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The Miami

Vol. 88, Issue 16 | Mar. 25 - Mar. 28, 2010

HURRICANE STUDENT NEWSPAPER OF THE UNIVERSITY OF MIAMI IN CORAL GABLES, FLORIDA, SINCE 1929

Pitching in for Haiti

RACHEL STEINHAUSER // The Miami Hurricane

LIVING IN THE MOMENT: Senior Dana Warshauer stops to talk to senior Kemy Joseph during his camp out on the to raise awareness and funs for Haiti.

“PASS THAT DUTCHIE” STOP DEMONIZING MARIJUANA AND READ THE REAL FACTS PAGE 12

GET YOUR NEON ON ULTRA RETURNS TO BICENTENNIAL PARK THIS WEEKEND PAGE 17

SWEET 16 AND FEELING FINE THE WOMEN’S BASKETBALL TEAM MAKES THE WNIT PAGE 21

Student makes a statement about conditions in Haiti BY ANDREA CONCEPCION | STAFF WRITER

O

ut on the Green, near the path to Richter Library, stands a rather large tent. Scattered few feet away are some glow sticks, a deck of cards, shoes and stuffed animals. On a cold Miami night, wearing a blue bathrobe over his clothes, senior Kemy Joseph tried selling these items to pay for his meals. “The hardest thing for me to do is set prices for this stuff,” Joseph said, laughing after haggling with a woman for one of his blankets. Joseph planned to spend a maximum of 10 dollars

per day on meals. A percentage of the money he earns from selling personal items will go towards buying flipcams for citizen journalists to record the devastation in Haiti. Kemy Joseph, the founder of UR Awesome Inc. and former president of Random Acts of Kindness (RAK), pitched the tent to bring awareness and insight to the UM community on what is really going on in Haiti. When RAK led the Haiti donation drive, Joseph predicted people would begin forgetting about the tragedy by March.

SEE JOSEPH, PAGE 10


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A day at the U for new students Cane for a Day program grows

Check out what’s exclusively available at theMiamiHurricane. com.

BY CARLY MILLS CONTRIBUTING NEWS WRITER

On the cusp of their high school graduation, students have life-changing decisions to make on where to attend college. The decision has numerous implications that will alter the rest of one's life. "Cane for a Day" is a University of Miami program for newly admitted students who wish to visit campus before making a final decision on which college to attend. Prospective students get matched with a UM student who acts as their host for the day. Due to the popularity of Cane for a Day, a sister program has been introduced titled "You at the U." The program will be specifically for accepted scholarship students and will be held on different dates than the Cane for a Day visits. The host is usually studying a similar major to their guest. They go to their classes, eat with them in the dining hall, take part in some extracurricular activities and experience an average day at UM. Scott Woodcock, assistant director of admissions and chief organizer of the project, believes You at the U will be extremely successful. “We have a 60 percent yield rate. They visit here, take part in the program and end up becoming students," he said.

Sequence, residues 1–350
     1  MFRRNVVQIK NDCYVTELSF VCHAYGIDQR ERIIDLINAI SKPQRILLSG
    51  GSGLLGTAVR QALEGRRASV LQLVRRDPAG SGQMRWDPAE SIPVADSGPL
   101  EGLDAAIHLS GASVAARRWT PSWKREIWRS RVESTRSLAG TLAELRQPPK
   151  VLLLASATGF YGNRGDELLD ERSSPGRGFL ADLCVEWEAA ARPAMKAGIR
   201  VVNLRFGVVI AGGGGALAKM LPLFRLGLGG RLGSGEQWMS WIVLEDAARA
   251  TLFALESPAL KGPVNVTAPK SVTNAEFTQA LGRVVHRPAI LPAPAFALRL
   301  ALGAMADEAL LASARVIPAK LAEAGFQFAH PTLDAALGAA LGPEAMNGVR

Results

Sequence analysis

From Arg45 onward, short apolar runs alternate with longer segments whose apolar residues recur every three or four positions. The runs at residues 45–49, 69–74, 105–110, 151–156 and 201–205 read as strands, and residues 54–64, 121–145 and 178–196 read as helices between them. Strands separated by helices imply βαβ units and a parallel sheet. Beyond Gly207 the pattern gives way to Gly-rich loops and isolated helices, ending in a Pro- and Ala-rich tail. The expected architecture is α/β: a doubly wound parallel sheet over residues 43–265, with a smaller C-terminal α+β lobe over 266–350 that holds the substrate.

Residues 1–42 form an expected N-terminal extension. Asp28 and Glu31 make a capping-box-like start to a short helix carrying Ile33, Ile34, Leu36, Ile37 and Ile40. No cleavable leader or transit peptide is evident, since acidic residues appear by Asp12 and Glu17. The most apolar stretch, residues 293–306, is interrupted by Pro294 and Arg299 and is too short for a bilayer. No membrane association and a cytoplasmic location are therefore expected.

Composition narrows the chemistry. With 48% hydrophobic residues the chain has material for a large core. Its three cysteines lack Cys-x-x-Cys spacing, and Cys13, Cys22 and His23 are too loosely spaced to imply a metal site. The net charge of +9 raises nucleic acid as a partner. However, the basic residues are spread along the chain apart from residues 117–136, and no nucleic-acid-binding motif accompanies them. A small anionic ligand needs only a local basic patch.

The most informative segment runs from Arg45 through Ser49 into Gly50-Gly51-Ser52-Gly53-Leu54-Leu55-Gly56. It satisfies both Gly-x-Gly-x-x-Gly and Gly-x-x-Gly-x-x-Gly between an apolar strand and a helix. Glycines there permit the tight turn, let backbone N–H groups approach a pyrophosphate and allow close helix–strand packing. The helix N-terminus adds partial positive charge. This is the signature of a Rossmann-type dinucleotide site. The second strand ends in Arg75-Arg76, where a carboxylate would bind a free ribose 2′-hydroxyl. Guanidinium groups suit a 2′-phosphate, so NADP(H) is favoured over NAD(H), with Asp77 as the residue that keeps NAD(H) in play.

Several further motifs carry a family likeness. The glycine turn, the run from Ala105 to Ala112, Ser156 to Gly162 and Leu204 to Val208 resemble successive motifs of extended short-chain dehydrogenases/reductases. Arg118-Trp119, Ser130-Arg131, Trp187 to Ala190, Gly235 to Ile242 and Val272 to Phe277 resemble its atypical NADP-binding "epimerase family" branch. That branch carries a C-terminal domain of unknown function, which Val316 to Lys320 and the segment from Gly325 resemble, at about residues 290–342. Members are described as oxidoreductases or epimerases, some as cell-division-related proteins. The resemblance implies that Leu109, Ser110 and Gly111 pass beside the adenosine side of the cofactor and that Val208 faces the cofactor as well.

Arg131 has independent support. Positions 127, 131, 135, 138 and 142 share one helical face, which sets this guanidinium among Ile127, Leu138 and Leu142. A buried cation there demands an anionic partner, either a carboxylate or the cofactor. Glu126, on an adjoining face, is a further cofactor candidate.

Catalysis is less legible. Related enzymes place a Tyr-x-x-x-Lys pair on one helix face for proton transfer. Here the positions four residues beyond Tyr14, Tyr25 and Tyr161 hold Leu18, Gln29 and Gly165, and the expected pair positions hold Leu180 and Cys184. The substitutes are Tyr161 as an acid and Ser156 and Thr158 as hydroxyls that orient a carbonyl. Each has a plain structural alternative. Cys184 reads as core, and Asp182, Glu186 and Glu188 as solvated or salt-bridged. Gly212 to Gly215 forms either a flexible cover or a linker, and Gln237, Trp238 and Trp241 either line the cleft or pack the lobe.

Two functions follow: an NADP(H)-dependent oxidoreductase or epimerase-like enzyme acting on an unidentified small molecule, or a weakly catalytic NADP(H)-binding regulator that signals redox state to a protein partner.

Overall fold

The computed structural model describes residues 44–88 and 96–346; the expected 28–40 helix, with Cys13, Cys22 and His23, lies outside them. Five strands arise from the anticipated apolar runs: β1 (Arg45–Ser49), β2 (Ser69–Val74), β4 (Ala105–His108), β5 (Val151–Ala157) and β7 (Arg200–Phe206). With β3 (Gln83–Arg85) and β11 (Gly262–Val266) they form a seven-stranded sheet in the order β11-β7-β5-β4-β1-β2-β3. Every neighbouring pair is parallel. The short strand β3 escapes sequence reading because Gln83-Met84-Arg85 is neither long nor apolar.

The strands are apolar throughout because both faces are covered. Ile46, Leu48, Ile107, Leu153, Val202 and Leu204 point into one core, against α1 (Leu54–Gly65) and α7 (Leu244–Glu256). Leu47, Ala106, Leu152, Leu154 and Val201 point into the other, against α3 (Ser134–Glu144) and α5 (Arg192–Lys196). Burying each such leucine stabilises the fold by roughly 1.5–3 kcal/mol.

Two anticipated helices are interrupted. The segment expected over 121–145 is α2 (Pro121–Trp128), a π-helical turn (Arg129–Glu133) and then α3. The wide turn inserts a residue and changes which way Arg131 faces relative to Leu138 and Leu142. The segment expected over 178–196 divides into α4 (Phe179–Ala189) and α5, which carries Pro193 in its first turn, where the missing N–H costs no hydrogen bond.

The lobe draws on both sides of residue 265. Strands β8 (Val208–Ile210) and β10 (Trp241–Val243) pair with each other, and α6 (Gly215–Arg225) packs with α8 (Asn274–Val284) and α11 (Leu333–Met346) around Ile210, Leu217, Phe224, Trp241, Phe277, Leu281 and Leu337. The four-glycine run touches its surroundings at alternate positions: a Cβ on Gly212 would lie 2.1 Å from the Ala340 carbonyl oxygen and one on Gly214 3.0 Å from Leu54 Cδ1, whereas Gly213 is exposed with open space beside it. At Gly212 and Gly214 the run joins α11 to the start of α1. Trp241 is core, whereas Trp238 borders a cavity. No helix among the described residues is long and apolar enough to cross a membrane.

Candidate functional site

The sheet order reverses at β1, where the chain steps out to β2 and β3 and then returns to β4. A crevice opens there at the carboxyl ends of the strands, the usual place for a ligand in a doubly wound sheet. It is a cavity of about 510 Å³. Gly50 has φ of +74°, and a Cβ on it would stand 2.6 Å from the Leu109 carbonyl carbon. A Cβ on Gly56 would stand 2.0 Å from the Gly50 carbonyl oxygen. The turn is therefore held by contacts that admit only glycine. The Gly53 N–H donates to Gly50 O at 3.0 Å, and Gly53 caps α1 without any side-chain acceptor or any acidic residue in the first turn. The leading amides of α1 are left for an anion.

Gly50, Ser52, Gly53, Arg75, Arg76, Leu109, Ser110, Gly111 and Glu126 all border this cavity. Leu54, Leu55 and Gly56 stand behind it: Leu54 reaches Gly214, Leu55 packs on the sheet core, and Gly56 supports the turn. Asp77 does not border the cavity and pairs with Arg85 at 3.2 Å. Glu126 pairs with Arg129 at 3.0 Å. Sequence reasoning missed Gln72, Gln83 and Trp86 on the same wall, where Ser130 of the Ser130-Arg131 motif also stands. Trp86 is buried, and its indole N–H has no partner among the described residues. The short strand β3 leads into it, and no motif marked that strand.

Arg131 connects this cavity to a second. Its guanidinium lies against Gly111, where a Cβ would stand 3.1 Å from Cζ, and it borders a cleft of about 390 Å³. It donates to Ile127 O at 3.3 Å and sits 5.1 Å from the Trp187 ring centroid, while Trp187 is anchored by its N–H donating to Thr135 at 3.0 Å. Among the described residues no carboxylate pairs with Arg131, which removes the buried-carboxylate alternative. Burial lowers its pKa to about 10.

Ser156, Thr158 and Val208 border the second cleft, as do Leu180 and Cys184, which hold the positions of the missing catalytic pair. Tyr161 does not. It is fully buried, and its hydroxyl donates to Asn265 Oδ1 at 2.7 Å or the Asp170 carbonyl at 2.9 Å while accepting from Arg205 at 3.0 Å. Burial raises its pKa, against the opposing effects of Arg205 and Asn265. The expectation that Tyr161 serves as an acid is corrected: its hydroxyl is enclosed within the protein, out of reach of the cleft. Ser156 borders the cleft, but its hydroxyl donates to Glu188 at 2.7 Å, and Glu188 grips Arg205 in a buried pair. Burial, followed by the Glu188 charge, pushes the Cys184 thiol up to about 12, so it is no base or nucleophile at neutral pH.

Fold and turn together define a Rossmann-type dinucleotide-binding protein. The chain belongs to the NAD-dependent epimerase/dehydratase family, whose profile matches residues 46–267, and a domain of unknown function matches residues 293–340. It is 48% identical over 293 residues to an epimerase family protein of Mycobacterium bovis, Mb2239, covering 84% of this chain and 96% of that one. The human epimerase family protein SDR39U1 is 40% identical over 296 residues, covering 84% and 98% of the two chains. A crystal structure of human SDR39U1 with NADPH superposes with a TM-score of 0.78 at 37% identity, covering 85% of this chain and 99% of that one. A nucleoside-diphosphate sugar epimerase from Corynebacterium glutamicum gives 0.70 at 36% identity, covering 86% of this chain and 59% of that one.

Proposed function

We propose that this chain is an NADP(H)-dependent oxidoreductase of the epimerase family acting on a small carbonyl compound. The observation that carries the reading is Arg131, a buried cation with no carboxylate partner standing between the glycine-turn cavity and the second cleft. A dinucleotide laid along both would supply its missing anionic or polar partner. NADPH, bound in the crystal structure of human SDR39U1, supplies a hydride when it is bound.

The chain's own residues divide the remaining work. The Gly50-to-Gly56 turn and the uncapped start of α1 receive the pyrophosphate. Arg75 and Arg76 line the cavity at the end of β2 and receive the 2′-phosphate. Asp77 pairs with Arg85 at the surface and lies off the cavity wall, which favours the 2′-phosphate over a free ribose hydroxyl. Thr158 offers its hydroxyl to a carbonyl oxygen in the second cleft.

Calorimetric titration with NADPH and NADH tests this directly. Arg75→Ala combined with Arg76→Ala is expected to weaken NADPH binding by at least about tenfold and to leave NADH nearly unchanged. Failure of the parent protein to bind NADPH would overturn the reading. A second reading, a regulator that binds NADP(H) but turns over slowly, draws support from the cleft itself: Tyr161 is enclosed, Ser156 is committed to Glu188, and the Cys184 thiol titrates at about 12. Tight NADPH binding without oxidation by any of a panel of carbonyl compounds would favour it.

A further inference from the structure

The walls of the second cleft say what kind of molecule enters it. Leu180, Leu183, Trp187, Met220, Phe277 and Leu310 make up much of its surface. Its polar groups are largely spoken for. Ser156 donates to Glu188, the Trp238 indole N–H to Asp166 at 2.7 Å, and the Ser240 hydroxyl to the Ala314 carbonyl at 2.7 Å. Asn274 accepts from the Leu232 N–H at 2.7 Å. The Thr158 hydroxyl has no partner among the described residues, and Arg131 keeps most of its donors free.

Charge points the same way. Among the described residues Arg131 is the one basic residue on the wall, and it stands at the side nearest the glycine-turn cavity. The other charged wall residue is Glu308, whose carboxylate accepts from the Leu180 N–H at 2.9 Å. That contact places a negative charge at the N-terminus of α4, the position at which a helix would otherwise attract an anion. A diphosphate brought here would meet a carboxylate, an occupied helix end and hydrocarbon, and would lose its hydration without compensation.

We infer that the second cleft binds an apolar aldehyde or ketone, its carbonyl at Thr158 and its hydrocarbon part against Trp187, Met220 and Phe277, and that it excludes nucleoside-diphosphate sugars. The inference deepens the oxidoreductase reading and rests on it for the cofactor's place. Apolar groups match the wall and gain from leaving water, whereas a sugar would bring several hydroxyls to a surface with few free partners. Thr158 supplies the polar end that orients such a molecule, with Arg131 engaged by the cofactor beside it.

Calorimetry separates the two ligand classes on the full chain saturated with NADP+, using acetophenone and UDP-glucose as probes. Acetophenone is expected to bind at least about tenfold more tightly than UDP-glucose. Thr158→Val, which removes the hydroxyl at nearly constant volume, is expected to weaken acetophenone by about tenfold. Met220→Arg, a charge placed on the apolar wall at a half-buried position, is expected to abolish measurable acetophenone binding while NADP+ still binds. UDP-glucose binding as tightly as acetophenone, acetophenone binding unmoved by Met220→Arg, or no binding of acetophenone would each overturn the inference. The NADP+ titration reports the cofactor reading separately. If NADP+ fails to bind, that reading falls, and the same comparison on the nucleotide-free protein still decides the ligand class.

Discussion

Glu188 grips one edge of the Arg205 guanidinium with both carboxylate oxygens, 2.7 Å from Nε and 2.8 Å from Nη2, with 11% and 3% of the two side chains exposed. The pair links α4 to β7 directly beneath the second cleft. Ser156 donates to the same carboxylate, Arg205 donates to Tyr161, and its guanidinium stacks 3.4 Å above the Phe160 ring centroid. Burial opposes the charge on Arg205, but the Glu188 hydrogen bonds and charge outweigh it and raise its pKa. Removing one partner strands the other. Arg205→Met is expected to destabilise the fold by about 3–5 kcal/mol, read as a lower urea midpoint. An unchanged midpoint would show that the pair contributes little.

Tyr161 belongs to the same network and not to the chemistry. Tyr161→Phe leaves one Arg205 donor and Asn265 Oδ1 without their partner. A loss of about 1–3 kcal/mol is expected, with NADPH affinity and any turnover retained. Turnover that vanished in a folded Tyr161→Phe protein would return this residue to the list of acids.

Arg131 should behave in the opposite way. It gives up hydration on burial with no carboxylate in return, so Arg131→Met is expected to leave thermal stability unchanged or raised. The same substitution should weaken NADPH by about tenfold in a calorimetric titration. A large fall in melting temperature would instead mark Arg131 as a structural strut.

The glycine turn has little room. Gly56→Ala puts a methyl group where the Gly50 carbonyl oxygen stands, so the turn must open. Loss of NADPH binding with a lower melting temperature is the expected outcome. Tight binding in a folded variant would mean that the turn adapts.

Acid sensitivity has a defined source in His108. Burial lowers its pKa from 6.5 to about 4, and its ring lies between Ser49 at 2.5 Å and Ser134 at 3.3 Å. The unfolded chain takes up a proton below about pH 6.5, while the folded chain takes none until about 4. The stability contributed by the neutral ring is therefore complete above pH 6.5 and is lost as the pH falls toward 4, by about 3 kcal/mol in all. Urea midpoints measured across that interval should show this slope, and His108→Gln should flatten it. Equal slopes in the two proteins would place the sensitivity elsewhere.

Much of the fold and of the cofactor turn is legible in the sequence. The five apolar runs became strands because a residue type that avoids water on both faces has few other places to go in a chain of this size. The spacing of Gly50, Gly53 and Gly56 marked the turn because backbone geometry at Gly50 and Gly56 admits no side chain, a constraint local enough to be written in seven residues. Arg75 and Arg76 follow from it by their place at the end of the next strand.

Steven Stuts caught the action of Tuesday night’s baseball game. Check out his photo slideshow. RACHEL STEINHAUSER // The Miami Hurricane

FUNNY GIRL: Sophomore Lauren Marussich and Katrina Torres, a student at Miami’s St. Brendan, laugh about how Torres attended the Homecoming parade before even starting to attend the school. “I’m definitely coming here. I’ve always wanted to come to UM,” Torres said. Senior Amy Levine, a political science major, hosted three students last year. “I love talking to students about UM and getting to share my experience with them," she said. "I hope that they can have a similar experience.” Students also get the opportunity to speak to their potential professors. They are even provided with credit to use at the dining

hall. Being a host is a voluntary position, and there is a large demand for volunteers. “We already have 260 students signed up to visit, so we’ll have to double up on students per hosts," Woodcock said. While it may seem time consuming, Levine believes it really does work in encouraging students to come here.

“Lots of students I talk to now who were Cane for A Day students now attend the university," she said. Carly Mills may be contacted at cmills@themiamihurricane.com.

To get involved visit cane4aday@miami.edu

The healthy life

Kicking out caffeine might not be the best way to stay fit JEREMY ALBELDA HEALTH COLUMNIST